Theresa May Responds to Controversial Legs-it Daily Mail Front Page

Theresa May and Nicola Sturgeon
British Prime Minister Theresa May meets First Minister of Scotland Nicola Sturgeon, Edinburgh, July 15. In this image, only Sturgeon has chosen to show her legs, which is apparently worthy of comment. James Glossop/REUTERS

Britain's Prime Minister Theresa May has dismissed a newspaper front page evaluating the relative quality of her and the first minister of Scotland's legs as "a bit of fun."

The front page of British daily the Daily Mail on Tuesday included a teaser for a column by Sarah Vine about a meeting between May and Scotland's Nicola Sturgeon, who had been discussing the future of the union after Britain leaves the EU.

Next to an image of the women—two of the most high-profile politicians in the Western world—was the strapline "Never mind Brexit, who won Legs-it!"

The joke was presumably that "legs-it" almost rhymes with Brexit and also that women apparently care deeply about the appearance of their legs, even when they are running major advanced economies and conducting tense negotiations on matters of huge geopolitical importance.

But after a wave of condemnation on social media accusing the paper of sexism, May was asked about the front page and refused to criticize it.

She told a local British newspaper, Wolverhampton's Express and Star: "You will notice that I am wearing trousers today!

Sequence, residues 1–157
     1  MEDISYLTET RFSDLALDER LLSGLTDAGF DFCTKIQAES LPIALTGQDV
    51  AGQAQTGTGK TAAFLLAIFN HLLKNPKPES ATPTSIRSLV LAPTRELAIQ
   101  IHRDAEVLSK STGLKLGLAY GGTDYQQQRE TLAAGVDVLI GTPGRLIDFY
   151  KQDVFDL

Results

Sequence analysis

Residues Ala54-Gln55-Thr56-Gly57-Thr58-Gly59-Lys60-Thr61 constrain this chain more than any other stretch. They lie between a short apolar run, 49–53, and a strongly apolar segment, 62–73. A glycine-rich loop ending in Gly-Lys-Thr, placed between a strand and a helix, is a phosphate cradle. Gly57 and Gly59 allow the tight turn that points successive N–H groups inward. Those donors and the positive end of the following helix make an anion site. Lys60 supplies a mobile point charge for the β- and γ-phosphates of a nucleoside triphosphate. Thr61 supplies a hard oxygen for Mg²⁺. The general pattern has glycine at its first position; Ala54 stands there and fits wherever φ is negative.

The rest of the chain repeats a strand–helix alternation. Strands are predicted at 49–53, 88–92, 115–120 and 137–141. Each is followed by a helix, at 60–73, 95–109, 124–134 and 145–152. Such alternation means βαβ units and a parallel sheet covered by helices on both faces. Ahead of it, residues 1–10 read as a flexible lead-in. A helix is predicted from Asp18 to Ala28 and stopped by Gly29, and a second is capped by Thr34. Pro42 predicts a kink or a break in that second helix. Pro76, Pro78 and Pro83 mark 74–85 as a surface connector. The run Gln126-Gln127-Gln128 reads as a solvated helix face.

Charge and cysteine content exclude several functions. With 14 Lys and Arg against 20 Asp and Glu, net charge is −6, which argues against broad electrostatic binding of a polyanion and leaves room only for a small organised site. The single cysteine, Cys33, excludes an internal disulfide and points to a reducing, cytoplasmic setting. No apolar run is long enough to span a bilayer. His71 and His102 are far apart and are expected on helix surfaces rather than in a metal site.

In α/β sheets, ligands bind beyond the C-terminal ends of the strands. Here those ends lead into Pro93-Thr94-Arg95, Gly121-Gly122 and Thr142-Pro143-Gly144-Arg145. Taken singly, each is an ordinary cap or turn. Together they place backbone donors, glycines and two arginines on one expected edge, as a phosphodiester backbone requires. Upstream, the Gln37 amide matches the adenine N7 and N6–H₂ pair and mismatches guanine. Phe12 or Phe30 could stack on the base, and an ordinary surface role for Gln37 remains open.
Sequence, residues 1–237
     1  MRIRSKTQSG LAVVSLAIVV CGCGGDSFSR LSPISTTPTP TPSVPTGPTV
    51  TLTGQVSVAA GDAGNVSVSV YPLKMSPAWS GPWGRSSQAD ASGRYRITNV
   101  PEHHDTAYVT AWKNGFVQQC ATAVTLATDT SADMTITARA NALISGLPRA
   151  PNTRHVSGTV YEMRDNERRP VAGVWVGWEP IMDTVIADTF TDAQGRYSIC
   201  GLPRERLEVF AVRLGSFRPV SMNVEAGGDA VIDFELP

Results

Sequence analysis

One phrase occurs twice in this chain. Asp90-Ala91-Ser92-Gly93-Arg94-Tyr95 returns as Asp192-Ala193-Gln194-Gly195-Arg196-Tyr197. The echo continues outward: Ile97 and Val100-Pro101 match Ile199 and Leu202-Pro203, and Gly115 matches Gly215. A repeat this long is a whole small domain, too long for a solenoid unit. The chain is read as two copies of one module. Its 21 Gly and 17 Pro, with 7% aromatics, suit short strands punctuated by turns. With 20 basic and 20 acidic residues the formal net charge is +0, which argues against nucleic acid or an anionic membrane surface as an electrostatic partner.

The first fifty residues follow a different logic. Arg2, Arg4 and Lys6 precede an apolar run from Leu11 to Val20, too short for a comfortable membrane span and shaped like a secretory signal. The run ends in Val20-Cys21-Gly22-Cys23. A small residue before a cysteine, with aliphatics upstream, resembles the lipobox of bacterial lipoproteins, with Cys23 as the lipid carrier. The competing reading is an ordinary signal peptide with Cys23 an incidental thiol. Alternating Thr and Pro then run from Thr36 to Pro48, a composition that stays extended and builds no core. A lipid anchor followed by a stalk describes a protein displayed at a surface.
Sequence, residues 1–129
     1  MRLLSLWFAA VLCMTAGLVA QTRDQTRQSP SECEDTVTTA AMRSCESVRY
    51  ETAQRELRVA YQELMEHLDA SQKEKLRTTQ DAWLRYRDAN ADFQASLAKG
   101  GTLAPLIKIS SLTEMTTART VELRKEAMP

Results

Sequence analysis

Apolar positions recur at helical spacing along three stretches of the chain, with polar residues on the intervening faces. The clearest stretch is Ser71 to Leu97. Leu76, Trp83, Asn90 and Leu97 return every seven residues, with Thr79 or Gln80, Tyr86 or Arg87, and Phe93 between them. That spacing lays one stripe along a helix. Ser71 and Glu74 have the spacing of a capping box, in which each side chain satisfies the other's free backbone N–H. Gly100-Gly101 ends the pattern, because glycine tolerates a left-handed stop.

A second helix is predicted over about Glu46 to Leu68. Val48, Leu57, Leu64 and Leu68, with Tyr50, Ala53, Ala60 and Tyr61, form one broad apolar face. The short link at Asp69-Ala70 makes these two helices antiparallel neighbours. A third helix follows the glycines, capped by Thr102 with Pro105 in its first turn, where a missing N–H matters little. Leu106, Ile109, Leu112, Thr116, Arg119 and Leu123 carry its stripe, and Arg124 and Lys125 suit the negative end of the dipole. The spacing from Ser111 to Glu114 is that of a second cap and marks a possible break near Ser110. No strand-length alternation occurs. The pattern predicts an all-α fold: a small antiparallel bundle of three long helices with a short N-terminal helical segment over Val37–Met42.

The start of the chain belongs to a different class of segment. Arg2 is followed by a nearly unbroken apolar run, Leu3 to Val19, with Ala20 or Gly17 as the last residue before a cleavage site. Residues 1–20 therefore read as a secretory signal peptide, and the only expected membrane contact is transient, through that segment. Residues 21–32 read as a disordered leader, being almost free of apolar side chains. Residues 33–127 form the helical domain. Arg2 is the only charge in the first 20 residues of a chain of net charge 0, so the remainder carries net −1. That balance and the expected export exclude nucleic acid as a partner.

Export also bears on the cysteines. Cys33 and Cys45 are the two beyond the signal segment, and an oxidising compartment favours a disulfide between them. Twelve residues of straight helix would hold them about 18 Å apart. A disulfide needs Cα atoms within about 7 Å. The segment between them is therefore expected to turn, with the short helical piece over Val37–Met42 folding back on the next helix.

"As a woman in politics throughout my whole career I have found that very often, what I wear—particularly my shoes—has been an issue that has been looked at rather closely by people.

"Obviously what we do as politicians is what makes a difference to people's lives. I think that most people concentrate on what we do as politicians.

"But if people want to have a bit of fun about how we dress, then so be it."

The Daily Mail has also responded. A spokesperson said in a statement that Vine's piece was flagged as "light-hearted" and was a sidebar alongside a "serious political story," the BBC reported.

He added: "It appeared in an 84-page paper packed with important news and analysis, a front page exclusive on cost-cutting in the NHS and a health supplement devoted to women's health issues.

"For the record, the Mail was the paper which, more than any other, backed Theresa May for the top job.

"Again for the record, we often comment on the appearance of male politicians including Cameron's waistline, Osborne's hair, Corbyn's clothes—and even Boris's legs.

"Is there a rule that says political coverage must be dull or has a po-faced BBC and left-wing commentariat, so obsessed by the Daily Mail, lost all sense of humour… and proportion?"